On 20 September, 2012, Arsenal fans around the world heard some great news. Jack Wilshere, out 14 months with an injury, had made his return for the Arsenal under-21 match against West Brom reserves.
The 20-year old midfielder is expected to play a few more matches with the Under-21s and the reserves and probably return to first-team football in approximately a month, barring any setbacks.
With the new Arsenal no. 10 coming back, it seems as if the midfield will be set. However, it is still a little tough to envision what the Englishman's role will be.
There are two main aspects to look at when examining where Wilshere will play when he returns: Arsenal's formation and the player's style.
Currently, Arsene Wenger's men have been employing a 4-2-3-1 formation.
For most the season, Mikel Arteta and Abou Diaby paired together in the holding midfield role. Arteta stayed at the back and orchestrated the attack with his precise passing, whereas Diaby was the ball-winning midfielder with more of a license to move forward.
Santi Cazorla, Wenger's brilliant new signing, played in attacking midfield role, with preferably Alex Oxlade-Chamberlain and Lukas Podolski on the wings.
With Diaby having recently suffered a thigh injury, and probably out for about three weeks, Aaron Ramsey has become a regular member of Arsenal's XI, although he tends to attack more than the injured Frenchman.
Wilshere has played a multitude of positions in his time in North London, and it will be interesting where the current Gunners' staff thinks he fits best.
He is most comfortable as a box-to-box midfielder or as a CAM. He is more creative than the other defensive midfielder's so he doesn't really fit that mold, even if he can be efficient tracking back and defending.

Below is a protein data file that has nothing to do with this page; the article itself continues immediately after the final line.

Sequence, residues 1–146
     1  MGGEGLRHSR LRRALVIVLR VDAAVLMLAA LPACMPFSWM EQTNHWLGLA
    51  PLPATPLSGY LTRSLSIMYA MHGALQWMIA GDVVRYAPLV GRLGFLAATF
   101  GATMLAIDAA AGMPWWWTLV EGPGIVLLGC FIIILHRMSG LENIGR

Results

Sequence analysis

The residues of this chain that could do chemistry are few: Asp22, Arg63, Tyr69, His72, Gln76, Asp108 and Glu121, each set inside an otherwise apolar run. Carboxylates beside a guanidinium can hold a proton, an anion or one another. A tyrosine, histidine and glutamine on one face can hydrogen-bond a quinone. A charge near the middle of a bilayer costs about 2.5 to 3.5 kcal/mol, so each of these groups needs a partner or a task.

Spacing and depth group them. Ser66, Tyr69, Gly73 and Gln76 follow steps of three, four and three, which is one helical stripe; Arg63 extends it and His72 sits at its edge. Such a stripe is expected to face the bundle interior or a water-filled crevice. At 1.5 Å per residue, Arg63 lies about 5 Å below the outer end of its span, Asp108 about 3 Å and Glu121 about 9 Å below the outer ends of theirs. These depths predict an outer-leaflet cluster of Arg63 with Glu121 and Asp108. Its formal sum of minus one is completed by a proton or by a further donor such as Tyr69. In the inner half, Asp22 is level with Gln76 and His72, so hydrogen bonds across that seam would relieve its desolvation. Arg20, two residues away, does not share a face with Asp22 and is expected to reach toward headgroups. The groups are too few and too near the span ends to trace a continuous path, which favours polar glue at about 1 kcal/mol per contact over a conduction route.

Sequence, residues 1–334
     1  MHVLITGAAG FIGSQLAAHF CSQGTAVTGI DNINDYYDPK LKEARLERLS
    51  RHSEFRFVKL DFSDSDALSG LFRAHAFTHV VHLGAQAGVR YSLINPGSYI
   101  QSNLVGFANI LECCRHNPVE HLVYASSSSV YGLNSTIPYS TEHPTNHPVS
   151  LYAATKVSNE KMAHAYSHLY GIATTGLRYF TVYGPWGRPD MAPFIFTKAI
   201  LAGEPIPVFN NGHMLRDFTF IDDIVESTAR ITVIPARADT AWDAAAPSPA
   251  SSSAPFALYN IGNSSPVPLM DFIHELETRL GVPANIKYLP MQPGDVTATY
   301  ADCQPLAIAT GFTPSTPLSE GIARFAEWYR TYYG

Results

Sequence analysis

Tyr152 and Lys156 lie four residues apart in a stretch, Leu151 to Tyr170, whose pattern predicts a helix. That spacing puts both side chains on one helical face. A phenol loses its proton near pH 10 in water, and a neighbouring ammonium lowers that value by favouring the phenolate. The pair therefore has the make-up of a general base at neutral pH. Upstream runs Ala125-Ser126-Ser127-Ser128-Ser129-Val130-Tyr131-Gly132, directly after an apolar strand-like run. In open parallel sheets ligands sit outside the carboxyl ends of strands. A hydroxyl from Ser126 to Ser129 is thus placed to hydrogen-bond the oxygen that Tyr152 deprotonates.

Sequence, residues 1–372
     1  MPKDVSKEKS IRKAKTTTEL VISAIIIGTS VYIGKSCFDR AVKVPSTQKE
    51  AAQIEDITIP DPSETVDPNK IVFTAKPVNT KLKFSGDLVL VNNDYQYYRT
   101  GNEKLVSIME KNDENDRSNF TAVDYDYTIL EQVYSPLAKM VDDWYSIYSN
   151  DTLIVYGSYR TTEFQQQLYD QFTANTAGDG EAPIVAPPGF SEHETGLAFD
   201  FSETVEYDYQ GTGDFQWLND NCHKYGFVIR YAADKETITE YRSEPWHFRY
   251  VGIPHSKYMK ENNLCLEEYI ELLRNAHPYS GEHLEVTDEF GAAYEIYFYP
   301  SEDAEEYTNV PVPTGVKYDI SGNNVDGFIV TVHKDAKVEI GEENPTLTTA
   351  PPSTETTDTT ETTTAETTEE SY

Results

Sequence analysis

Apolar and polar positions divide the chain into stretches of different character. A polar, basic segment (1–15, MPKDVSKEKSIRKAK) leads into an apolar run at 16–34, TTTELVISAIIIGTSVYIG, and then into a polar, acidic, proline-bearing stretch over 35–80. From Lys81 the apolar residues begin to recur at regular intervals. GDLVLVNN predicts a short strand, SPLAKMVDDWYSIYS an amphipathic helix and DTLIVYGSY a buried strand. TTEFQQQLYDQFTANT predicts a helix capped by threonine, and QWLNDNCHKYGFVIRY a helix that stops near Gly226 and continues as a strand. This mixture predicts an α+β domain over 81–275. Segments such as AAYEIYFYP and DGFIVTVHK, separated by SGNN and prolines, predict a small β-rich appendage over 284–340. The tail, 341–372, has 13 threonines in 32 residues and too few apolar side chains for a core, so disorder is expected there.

The 20-year old tends to, like Arteta, hold more with passing than with tackling, making him a nice fit for the new mold of defensive midfielder that has recently been taking the world of football by storm.
Wilshere can create for himself and for others. He can play both attack and defense fairly well, and he won't be rushed into too many minutes too fast, given that he's been out over a year.
Given his talents and Arsenal's current situation it seems as if there is a great spot for "Baby Jack" in the Gunners' midfield.
Arsenal's formation would fall under a 4-3-3 or a 4-1-2-3, but it truth it would be different.
They would place one midfielder as the defensive, or holding, midfielder, with another in front playing as a box-to-box player, both making tackles and directing attacks, finally there would be a third player who would be the creative, attacking man, the hub of the attack.
Mikel Arteta would no longer have the luxury of partnering with the imposing Diaby, but the Spaniard is more than capable of handling the back of the midfield on his own.
On top of that, Wilshere, who would be able to utilize his creativity as well as helping Arteta, playing the box-to-box role.
Of course, Cazorla, who has formed a dynamic partnership with Arteta, would play directly behind the wingers and strikers Gervinho and Olivier Giroud. He has been at the center for plenty of Arsenal's goals in the 2012-13 campaign..
This would be the best way for Wenger to play Wilshere to his full potential as well as helping out his team. This trio of Gunners midfielders has a big chance to leave a huge footprint on the Premier League, as they complement each other beautifully.
They will be the key for Arsenal's success this season.
Wilshere's return will provide great depth in the midfield, as behind the probable three starters will rest Diaby, Ramsey, Tomas Rosicky (when he returns), and Francis Coquelin.
This seems like a great mix for Arsenal, and Gooners should impatiently be awaiting their no. 10s return.